Monday, 25 September 2017

#NeuroSpeak: treating MS in patients with PML

Teriflunomide is the drug of choice for treating MS in patients recovering from PML. #NeuroSpeak #CharcotProject

Summary: This post summarises the scientific principles for treating multiple sclerosis in patients who have PML as a complication of natalizumab treatment. I make the case for using DMTs that are not immunosuppressive and highlight the antiviral effects of Teriflunomide that make it the DMT of choice. 

At the grand round at Imperial College on Friday, a case of natalizumab-associated PML was presented. The patient had developed IRIS and was deteriorating. The question was posed about MS rebound contributing to some of the later deterioration in functioning and how to treat MS in this situation. 

It is clear that you cannot use an MS DMT that causes immunosuppression, particularly one that targets T-cells, in this situation. Patients with PML need their CD8+ cytotoxic T-cell to recover from PML. In my opinion, this only leaves 4 drugs that have a suitable profile:

(1) Interferon-beta: IFNbeta is not immunosuppressive and has many activities that are anti-viral. However, a lot of people who are on natalizumab may have failed IFNbeta in the past. IFNbeta has also been shown not to be that effective in preventing MS rebound post-natalizumab. 

(2) Glatiramer acetate: GA is not immunosuppressive, is only moderately effective in treating MS, is not effective in preventing MS rebound post-natalizumab and has a delayed onset of action. Therefore, it would not be the ideal agent to prevent MS rebound post-alemtuzumab in a patient with PML.

(3) Teriflunomide: Teri is not immunosuppressive as defined by the regulators, it has a complex mode of action that includes general anti-viral activity. Interestingly, leflunomide, a prodrug that is converted into teriflunomide, has been shown to have antiviral effects against BK virus (see below), that is very closely related to JCV, the cause of PML. In addition, there is some emerging evidence that Teri may cross the blood-brain barrier and hence may be able to inhibit JCV with the CNS. At the last AAN there was a poster of a switch study showing that Teri, post-natalizumab, was able to hold back rebound MS disease activity in the majority of patients and overall these patients did well.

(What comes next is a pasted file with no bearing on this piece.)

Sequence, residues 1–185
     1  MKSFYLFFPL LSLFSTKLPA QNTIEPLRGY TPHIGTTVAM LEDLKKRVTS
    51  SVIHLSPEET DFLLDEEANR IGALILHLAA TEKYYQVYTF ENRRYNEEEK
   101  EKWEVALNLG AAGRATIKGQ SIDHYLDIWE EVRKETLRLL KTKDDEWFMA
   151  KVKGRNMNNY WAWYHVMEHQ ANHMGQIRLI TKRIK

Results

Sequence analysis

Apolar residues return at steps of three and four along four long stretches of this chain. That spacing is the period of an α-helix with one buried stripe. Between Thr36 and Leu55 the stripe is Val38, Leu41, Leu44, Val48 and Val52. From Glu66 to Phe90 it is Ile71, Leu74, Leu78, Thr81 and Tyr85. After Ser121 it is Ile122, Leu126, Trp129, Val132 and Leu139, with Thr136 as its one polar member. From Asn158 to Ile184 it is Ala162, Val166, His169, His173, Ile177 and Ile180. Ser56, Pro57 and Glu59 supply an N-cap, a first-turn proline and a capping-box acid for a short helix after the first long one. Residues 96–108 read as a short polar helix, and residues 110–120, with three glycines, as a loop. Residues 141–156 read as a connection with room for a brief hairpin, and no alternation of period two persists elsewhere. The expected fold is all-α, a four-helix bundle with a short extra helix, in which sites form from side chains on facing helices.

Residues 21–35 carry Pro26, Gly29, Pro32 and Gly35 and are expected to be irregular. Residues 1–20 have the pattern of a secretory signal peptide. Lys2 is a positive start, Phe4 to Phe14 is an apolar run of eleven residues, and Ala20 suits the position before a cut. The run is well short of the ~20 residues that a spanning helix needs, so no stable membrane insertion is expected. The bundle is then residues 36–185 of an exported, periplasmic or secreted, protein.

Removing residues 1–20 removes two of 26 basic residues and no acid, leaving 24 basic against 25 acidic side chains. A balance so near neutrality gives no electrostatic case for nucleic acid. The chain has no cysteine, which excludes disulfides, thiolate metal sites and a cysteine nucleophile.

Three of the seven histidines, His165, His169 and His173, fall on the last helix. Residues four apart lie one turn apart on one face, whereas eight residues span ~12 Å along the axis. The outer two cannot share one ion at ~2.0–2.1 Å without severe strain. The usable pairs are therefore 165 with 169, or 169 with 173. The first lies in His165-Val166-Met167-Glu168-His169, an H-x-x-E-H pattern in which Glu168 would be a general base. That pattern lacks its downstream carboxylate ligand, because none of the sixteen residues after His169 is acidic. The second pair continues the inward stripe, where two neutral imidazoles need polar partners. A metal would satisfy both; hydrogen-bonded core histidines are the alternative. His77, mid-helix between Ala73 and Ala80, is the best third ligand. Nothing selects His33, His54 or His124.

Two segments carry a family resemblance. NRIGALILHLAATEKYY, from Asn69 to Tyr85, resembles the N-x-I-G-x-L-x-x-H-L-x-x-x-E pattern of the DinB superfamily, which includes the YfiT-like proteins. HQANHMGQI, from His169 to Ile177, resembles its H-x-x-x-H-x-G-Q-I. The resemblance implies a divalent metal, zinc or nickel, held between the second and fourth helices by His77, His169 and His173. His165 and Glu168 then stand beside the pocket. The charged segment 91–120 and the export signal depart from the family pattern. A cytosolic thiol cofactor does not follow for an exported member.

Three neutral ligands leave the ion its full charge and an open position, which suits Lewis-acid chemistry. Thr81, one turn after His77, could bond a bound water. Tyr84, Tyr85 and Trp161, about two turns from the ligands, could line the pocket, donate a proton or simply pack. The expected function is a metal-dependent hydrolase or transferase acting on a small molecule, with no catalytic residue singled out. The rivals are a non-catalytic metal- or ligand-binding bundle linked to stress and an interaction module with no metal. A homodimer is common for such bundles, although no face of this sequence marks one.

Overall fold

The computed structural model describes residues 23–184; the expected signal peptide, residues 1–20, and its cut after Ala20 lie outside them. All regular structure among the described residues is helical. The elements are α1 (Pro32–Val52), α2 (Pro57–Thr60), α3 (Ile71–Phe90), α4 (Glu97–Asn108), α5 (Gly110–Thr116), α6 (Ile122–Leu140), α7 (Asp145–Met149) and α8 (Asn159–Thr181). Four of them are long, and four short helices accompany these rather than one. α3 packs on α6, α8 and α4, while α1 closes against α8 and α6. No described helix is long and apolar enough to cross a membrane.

(4) Daclizumab: Dac is not immunosuppressive, as defined by regulators, and only drops CD8 cell numbers by ~10%. Therefore, antiviral responses, for example against JCV should be intact. Dac also expands the NK, or natural killer, cell population that have anti-viral effects. We are in the process of doing a switch study to assess the effectiveness of Dac post-natalizumab to see how effective it is in preventing post-natalizumab rebound. Daclizumab also has a rapid-onset of action making which makes it an ideal agent post-natalizumab. However, as Dac reduces IL2 signalling in activated T-cells it may blunt effector T cell responses, i.e. reduce their reactivity, which makes me concerned about using it in patients with active JCV infection and PML. 

My recommendation, therefore, to the team looking after this patient particular patient was to use high dose Leflunomide (40mg per day) until JCV was not detectable in her CSF and then to switch her to Teriflunomide 14mg per day. The choice of Leflunomide dose is based on that used to treat BK-virus associated nephropathy. In my opinion, the team looking after this patient have little to lose; her JCV viral load in the spinal fluid was dropping so the IRIS (immune reconstitution syndrome) was at least taking care of the JC virus. However, she needs something to take care of MS without impacting on her immune system and at the same time assisting with the treatment of her PML.


With regard to Teriflunomide, there is an increasing number of reports of how well pwMS are doing on teriflunomide long-term. Teriflunomide is the only DMT that works significantly better second, or third, line than it does as a first-line treatment (see figure below). I have hypothesised that these observations may be due to teriflunomide's mode of action as an anti-viral agent. Professor Julian Gold and I are in the process of exploring this hypothesis under the umbrella of the Charcot Project. We will let you know as soon as we have data available.